Because the case was remanded in August 2013 by the Texas Supreme Court for further proceedings, that decision was “interlocutory” or non-final, which the U.S. Supreme Court rarely accepts for review. Thus, while the Episcopal Parties are disappointed not to have the faster resolution the U.S. Supreme Court could have offered, they look forward to filing their summary judgment papers and showing why the breakaway faction’s decades of commitments are enforceable under basic neutral principles of Texas law.

Denial of review of an interlocutory order does not set precedent on the issues raised, and the Episcopal Parties may still raise the legal issues from the interlocutory petition in the event the case is later appealed to the U.S. Supreme Court.

The bishop of the Episcopal Diocese of Fort Worth, the Right Rev. Rayford B. High, Jr., reminds the Episcopalians in the diocese that, while this order and the consequent additional delay is disappointing, it does not change the mission and ministry of the many Episcopalians who continue to constitute the Episcopal Diocese of Fort Worth. “We continue the exciting work to be The Episcopal Church in this part of Texas and to be the local witnesses and prophetic voices of the Church as North Texans continue to search for spiritual wholeness.”

The diocese is preparing for the 32nd annual meeting of its Convention November 14-15 at Jack Daniel’s Club at Globe Life Park in Arlington, and for the triennial General Convention of The Episcopal Church in Salt Lake City, Utah, in June 2015.

2015 United Thank Offering grant applications now accepted

ENS Headlines - Monday, November 3, 2014

[Episcopal Church Office of Public Affairs press release] Applications are now accepted for the 2015 United Thank Offering grants.  The application forms are available here.

The focus for the 2015 United Thank Offering grants is Mark Four of the Anglican Marks of Mission: To transform unjust structures of society, to challenge violence of every kind and to pursue peace and reconciliation. 

Guidelines for applying for the grants are here.

Important notes

The United Thank Offering will accept:

  • one grant application per diocese within The Episcopal Church;
  • one additional application for a companion grant from a diocese of The Episcopal Church may be submitted. This relationship may be formed with an aided diocese from The Episcopal Church or with a diocese from The Anglican Communion. The sponsoring bishop with jurisdiction will be responsible for the accounting of the grant.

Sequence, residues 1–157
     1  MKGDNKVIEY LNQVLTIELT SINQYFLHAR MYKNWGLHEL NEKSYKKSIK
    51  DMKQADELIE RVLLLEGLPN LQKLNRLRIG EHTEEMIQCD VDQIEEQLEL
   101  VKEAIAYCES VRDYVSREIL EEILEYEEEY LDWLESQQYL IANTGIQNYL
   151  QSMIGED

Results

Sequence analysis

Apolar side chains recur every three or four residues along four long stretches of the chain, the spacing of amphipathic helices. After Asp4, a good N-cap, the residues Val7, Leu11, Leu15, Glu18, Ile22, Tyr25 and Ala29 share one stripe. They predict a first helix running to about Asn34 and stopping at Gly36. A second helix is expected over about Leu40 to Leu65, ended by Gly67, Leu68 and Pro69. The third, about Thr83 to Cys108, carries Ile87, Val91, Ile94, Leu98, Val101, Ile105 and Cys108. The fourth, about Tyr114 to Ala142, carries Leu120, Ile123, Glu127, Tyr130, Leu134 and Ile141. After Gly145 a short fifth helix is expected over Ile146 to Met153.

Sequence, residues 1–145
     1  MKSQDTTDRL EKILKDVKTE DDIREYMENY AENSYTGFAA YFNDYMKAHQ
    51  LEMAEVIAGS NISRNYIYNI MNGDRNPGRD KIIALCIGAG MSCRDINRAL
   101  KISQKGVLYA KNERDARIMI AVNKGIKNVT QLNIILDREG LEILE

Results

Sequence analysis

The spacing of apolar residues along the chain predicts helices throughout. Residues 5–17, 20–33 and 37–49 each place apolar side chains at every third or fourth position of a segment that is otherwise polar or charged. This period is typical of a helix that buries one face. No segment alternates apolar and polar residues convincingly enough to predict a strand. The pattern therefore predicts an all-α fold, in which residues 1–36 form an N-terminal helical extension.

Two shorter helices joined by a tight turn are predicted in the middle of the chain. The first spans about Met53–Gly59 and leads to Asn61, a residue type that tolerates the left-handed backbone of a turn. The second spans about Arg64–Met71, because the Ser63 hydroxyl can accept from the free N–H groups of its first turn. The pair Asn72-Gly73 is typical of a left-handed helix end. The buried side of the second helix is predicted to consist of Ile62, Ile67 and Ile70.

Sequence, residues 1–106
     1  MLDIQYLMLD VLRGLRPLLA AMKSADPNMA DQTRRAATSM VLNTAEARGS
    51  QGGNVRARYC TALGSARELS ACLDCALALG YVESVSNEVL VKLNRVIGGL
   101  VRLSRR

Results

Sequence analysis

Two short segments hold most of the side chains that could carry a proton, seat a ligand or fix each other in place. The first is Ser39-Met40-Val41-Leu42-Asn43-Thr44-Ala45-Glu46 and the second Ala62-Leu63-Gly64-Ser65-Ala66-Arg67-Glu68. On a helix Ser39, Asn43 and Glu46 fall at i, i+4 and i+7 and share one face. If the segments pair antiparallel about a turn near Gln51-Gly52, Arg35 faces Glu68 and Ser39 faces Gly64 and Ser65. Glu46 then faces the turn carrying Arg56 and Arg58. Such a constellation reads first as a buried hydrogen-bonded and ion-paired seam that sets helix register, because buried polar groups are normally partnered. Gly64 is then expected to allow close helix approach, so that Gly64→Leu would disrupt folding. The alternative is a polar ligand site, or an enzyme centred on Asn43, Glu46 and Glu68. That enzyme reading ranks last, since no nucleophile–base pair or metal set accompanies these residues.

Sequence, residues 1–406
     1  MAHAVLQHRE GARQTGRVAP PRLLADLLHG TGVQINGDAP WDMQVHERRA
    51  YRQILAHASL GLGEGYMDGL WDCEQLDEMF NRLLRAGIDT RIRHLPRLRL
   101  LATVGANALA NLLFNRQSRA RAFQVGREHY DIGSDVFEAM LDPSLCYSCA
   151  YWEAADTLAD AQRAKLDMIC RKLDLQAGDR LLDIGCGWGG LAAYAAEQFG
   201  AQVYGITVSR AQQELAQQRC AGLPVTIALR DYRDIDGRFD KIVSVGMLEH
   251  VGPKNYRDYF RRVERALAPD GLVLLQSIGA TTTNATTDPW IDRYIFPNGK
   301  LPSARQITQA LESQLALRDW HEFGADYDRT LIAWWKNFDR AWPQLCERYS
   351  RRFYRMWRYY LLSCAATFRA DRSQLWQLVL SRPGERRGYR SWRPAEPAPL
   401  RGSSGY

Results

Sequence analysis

The deadline is 5 pm Eastern on Friday, January 15, 2015.

For more information about these guidelines contact the Rev. Heather Melton, United Thank Offering coordinator, hmelton@episcopalchurch.org

JNCPB notes end of submission period

ENS Headlines - Monday, November 3, 2014

[Episcopal Church Office of Public Affairs press release] The Episcopal Church Joint Nominating Committee for the Election of the Presiding Bishop (JNCPB) has released the following statement:

Submission Period ends for Bishops
Discerning Election as the 27th Presiding Bishop

The Joint Nominating Committee for the Election of the Presiding Bishop (JNCPB) has announced that the “Submission Period” for Bishops discerning a call to the ministry of the Presiding Bishop has concluded. Bishops were able to submit initial information and materials to the JNCPB between October 1 and October 31. The JNCPB will continue their work of discernment as they seek to present a minimum of three nominees to the Church for election as the 27th Presiding Bishop.

The JNCPB invites the prayers of all the church during this time of submission and discernment as we seek to elect the 27th Presiding Bishop of The Episcopal Church.

The JNCPB is comprised of a lay member, a priest or deacon, and a bishop elected from each of the nine provinces of the Episcopal Church, plus two youth representatives, appointed by the President of the House of Deputies. The General Convention Deputies and bishops serve a three-year term to conclude at the close of General Convention 2015 in Salt Lake City, UT (Diocese of Utah). For more info:pbnominatingcommittee@gmail.com.

 

Presiding Bishop preaches at Cathedral of the Incarnation, Baltimore

ENS Headlines - Monday, November 3, 2014

All Saints
2 November 2014
Cathedral of the Incarnation, Baltimore

The Most Rev. Katharine Jefferts Schori
Presiding Bishop and Primate
The Episcopal Church

There’s a beautiful place in the foothills of the Sierra Nevada called Angels Camp. It’s an old gold rush town Mark Twain wrote about, in a story that made him famous.[1] Angels Camp is the site of exquisite scenery in Calaveras County and home of Twain’s jumping frogs. Miners and prospectors built the town, and named it after Henry Angel, who started the first trading post. For eons before that, Native Americans gathered in awe to commune with the creator of all that is, in stately groves of giant sequoias.[2] Many have called those groves natural cathedrals, and they are a New World vision of what the psalmist speaks of, that the angel of the Lord camps around those who fear him. Can you imagine angels in the midst of the redwoods? The thousands of gold seekers who came out of greed more than awe probably could have used a little more of the fear of God.